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Gates Foundation Funds WeRobotics to Catalyze WHO’s Use of Medical Drone Delivery

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January 21st, 2021


We’re very pleased to share that the Bill & Melinda Gates Foundation is funding WeRobotics to expand the World Health Organization’s (WHO) understanding and use of drone delivery. This project has multiple facets, which are being advanced and coordinated by WHO’s African Regional Office (AFRO). The main component that we’re working on currently includes continuous drone deliveries in Ghana with Zipline, WHO Ghana and Ghana Flying Labs, and Madagascar with Aerial Metric, WHO Madagascar, and Madagascar Flying Labs. We have just completed the full set of deliveries in Northern Ghana with Zipline and the team and will soon begin deliveries in Northern Madagascar with Aerial Metric and Team.

The purpose of this project is to directly inform WHO’s operational understanding of drone delivery services to transport patient samples. This means gaining a clear understanding of the operational workflows, technical and regulatory requirements, costs, and time-savings from using existing drone delivery systems such as Zipline’s in Ghana and Aerial Metric’s in Madagascar. While the project serves as a comparative analysis between drone delivery in Ghana and Madagascar, its purpose is not to suggest that one system or model is better than the other (they are very different albeit complementary). Instead, the aim is to build WHO’s internal understanding of drone delivery services to make the most of the various systems and models that already exist.

We hope to share these insights later in the year, along with the design of our operational study, once we’ve completed all drone deliveries and analyzed all the data collected. In the meantime, we will also begin the next phases of this multi-year project with WHO/AFRO and the Gates Foundation. We’ll share more details on these towards the second half of 2021 once we’re further along. For now, we want to express our sincerest thanks to WHO/AFRO, WHO Ghana & Madagascar, and the Gates Foundation for making this project possible. WHO’s leadership, dedication, and commitment to this project continue to make all the difference and explain why this project has taken off quickly. Ghana and Madagascar Flying Labs are also playing instrumental roles in this project. We’re very grateful for the opportunity to work with all these strong partners and to learn from them as we all continue to wrestle with a global pandemic.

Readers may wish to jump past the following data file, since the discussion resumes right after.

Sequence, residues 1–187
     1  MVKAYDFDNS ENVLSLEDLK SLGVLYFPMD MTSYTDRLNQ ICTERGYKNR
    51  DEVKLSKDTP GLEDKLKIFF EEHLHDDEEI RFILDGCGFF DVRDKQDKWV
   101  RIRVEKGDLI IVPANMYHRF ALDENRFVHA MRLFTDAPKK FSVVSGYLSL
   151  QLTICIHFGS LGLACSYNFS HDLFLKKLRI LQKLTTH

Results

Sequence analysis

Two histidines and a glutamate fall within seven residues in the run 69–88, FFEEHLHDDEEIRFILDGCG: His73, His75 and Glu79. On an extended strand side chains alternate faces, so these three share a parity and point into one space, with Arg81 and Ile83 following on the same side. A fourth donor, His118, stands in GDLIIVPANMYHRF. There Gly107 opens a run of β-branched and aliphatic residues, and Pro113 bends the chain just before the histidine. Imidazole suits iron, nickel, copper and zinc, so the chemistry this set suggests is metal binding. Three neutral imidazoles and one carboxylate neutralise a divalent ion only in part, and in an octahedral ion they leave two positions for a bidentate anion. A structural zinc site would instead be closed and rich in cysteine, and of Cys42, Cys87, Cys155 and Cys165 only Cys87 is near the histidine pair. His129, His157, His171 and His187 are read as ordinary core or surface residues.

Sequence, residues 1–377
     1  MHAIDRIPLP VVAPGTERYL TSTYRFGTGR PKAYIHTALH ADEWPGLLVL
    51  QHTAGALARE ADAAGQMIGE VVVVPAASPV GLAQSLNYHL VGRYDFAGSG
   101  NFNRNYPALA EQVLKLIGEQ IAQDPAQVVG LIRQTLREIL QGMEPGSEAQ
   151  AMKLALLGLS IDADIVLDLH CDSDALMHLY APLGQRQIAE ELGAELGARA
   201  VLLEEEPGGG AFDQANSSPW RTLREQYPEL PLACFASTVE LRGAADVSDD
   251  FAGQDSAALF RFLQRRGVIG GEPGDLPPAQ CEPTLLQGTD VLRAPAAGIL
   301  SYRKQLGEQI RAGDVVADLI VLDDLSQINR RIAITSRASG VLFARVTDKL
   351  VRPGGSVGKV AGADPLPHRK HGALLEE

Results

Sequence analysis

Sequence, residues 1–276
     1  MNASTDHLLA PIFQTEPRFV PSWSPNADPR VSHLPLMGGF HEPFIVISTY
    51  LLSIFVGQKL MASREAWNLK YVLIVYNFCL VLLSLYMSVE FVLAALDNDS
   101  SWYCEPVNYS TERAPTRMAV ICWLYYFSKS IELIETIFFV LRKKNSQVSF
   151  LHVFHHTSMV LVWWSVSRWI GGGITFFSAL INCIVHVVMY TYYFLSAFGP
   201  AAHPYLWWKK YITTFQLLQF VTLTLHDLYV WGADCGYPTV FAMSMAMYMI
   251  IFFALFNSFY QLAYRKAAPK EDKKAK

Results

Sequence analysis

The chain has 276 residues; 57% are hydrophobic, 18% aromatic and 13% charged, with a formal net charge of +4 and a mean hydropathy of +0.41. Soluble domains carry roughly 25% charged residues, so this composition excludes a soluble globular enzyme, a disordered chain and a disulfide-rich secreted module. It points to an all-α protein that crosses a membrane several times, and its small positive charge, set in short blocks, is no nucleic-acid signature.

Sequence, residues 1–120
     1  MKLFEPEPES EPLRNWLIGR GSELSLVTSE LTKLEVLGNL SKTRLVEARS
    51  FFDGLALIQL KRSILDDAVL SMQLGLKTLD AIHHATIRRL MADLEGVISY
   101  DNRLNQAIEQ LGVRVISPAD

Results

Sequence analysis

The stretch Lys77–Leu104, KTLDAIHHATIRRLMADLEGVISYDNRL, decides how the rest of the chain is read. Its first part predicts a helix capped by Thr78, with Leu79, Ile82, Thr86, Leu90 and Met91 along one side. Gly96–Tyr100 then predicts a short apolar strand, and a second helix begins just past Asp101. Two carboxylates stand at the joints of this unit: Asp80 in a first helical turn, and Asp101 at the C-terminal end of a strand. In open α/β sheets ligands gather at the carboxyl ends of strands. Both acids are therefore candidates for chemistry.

WeRobotics and Flying Labs Have Been Involved in Medical Cargo Drone Projects Since 2016

Together, we’ve delivered medicines and blood samples in the Amazon Rainforest with BD; Delivered essential medicines to remote clinics in the Dominican Republic with Pfizer; Collected TB samples from remote clinics in Nepal with BNMT; Ran cargo drone training & demos with the Center for Disease Control (CDC) in Papua New Guinea. We focused explicitly on strengthening long-term local expertise and capacity in drone delivery with each of these efforts. We entirely transferred appropriate drone technology to local experts across Flying Labs. We were also contracted to work on the foundational phases of a vaccine drone delivery in the DRC. Furthermore, we’ve worked on non-traditional cargo drone projects with partners in Brazil to reduce Zika, Fiji to reduce Dengue, and Tanzania to reduce malaria. We also offer a comprehensive, fully peer-reviewed professional online course on the use of cargo drones for medical delivery. Participants who complete this unique course receive a certificate signed by Direct Relief, MIT, the University of Pennsylvania, and WeRobotics. Lastly, we offer this affordable, locally-repairable cargo drone for short-range (10km) deliveries. This is the same drone used by DR Flying Labs, Nepal Flying Labs, and, soon, Philippines Flying Labs.



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